Lockdown has been an extreme strain on mental health and wellbeing of all of us. While many of the restrictions have been lifted for now, the world remains a profoundly altered place, and we are facing a long time ahead of us with uncertainty and worry. To mark World Suicide Prevention Day therefore, we wanted to share some of the strategies we’ve found helpful to cope with these stressful times, particularly as lockdown lifts.
These are, of course, just our personal tips, but there’s also a lot of expert advice and support out there, so we’ve included links to a few which we find particularly helpful at the bottom of this blog.
Routines do help, unfortunately
Yes, we are told endlessly how important it is to have a routine. But it’s so much easier to say that than actually stick to it. I struggle to get up in the morning at the best of times, and knowing that no one will notice if I start work late really doesn’t help to motivate me into wrenching myself out of bed. I find it so easy to slip out of my regular routine and so so hard to force myself back into one, which can make me feel rubbish as a result.
I’ve now instituted a triple-lock system to try to get me up in the morning. Step 1: my boyfriend pulls open the curtain when he leaves for work, so that I can’t go back into too deep a sleep. Step 2: I have set several of the most annoying alarms on my phone to go off at different intervals. Step 3: I’ve told my (early-riser) flatmate to come and shout at me if she doesn’t see me by a certain time. It works pretty well – even though I’m still pretty grumpy until I have some tea.
If you want to get more into more of a routine and have people around you who you can recruit into nudging you towards one, I’d strongly recommend using them.
Find what makes you want to move
During lockdown, I, to my total surprise and slight horror, became a runner. It started back in those early days when we were only allowed to go out for exercise once a day. I kept on putting off going out for a walk till later on in the day, because I knew once I came back, I wouldn’t be able to go out again, and that meant I would be even more trapped than I was already. This, of course, meant that quite often I ended up not going out at all, which made me feel progressively worse. I took up running because I reasoned that by the time I finished a run I would probably hate the outside so much that I would be very happy to not go out again till tomorrow. That was honestly the motivation I needed to get started.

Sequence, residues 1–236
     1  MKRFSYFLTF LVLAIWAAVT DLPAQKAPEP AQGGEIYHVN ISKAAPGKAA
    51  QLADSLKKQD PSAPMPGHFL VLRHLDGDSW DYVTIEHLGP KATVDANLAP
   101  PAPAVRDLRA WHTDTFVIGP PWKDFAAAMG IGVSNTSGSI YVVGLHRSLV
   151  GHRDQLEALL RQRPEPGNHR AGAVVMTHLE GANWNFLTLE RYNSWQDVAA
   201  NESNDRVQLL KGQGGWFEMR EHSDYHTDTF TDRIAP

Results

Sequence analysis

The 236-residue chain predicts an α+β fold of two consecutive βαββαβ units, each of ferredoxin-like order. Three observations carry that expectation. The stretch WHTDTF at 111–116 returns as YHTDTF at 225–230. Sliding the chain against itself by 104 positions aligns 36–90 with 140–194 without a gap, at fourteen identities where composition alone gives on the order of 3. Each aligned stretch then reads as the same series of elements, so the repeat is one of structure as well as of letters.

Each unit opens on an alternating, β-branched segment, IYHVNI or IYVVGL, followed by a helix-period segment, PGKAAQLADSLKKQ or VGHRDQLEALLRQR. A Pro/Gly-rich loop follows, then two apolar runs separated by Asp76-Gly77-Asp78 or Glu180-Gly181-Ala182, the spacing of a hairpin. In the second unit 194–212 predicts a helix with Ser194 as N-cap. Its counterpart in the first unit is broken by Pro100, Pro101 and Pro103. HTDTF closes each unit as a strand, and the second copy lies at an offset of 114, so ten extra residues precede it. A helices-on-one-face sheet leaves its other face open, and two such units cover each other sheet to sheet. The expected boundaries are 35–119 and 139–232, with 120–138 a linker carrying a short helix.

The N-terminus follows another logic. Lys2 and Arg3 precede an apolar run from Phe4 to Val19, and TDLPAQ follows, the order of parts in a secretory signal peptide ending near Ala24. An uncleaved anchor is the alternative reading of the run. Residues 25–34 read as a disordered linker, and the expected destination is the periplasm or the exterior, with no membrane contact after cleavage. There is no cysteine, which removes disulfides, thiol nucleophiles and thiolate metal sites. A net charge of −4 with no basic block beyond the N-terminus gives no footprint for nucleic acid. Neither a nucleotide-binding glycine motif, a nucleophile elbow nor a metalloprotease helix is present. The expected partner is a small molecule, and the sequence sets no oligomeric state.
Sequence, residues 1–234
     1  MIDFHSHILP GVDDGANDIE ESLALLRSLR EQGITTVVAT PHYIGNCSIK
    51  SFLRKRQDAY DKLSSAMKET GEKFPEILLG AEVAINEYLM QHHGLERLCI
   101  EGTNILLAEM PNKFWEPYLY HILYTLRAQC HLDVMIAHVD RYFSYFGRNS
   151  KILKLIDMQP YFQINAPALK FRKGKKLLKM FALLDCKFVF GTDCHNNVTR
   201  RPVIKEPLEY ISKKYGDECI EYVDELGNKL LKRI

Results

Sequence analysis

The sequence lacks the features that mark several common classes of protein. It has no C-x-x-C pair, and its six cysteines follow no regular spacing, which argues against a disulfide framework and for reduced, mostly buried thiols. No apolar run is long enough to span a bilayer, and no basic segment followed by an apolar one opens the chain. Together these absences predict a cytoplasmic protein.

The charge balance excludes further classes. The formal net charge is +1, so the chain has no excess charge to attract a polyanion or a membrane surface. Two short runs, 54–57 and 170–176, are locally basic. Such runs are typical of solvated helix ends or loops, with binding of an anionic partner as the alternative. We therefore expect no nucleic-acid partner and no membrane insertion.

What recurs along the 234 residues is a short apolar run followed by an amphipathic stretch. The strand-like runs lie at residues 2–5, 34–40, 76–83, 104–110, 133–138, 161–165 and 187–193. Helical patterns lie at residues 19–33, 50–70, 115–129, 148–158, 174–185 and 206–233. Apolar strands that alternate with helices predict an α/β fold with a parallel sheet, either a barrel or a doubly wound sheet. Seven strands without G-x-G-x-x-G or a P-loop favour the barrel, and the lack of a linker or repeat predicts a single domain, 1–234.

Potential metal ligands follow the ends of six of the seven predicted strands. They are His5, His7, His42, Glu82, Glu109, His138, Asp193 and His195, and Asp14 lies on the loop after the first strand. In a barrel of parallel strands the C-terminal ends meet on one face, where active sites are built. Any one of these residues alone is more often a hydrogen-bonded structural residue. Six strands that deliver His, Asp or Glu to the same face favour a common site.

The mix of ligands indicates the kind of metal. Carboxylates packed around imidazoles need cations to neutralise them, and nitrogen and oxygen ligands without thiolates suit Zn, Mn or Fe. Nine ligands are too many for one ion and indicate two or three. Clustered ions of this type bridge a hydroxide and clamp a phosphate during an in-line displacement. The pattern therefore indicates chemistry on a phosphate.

I downloaded the Couch to 5k app and, in pyjama shorts and some rather manky old trainers, started running. Quite quickly, I found running regularly had a really great effect on me. I came back sweaty and tired but happier and less worried about things. It also made me feel like I was achieving something each time I went out, and that I really was slowly improving.
Despite knowing how good running made me feel, both emotionally and physically, I’ve struggled to keep it up consistently since finishing Couch to 5k – the little bits of validation the app gave me every time really were a great motivator for me to actually go for my run. I’ve now gone full on Primary School and made myself a wall chart where I can give myself a sticker each time I go running. It seems a little silly, but finding that thing that can help you stick to your plans to get moving can make all the difference.
Try to disconnect from all the noise
Sometimes, we need to find ways to block out the world. Ever since the cinemas have reopened, I have gone to film after film because, for me anyway, it’s a way to forget about everything else and just lose myself in a film. I’ve gotten to watch or rewatch some of the greatest films of all time – Inception, The Matrix, Jurassic Park and, of course, Twilight. Like with running, when I leave the cinema, I feel more relaxed and less worried about the world because I’ve been forced not to think about it for a couple of hours.
I’ve also blocked all the social media apps on my phone till late in the morning, because I was finding I was going on them a lot first thing in the morning and it was bumming me out, because the news was always bad. By the time I’m able to access these apps at 11am now, I find I’m better able to control the urge to endlessly scroll through my phone, and more able to engage productively where it’s actually worthwhile to.
Find the help you need
All these are, of course, just based on our own experiences. They might not be right for you or what you’re facing. Mental health is such an important issue and we’re very aware we’re not even scratching the surface here. There is, however, lots of great resources out there. You can get lots of really great advice and tips from places like the Black Dog Institute. You can also get support both from national organisations like the Samaritans and the Campaign Against Living Miserably, as well as local organisations, such as Breathing Space in Scotland.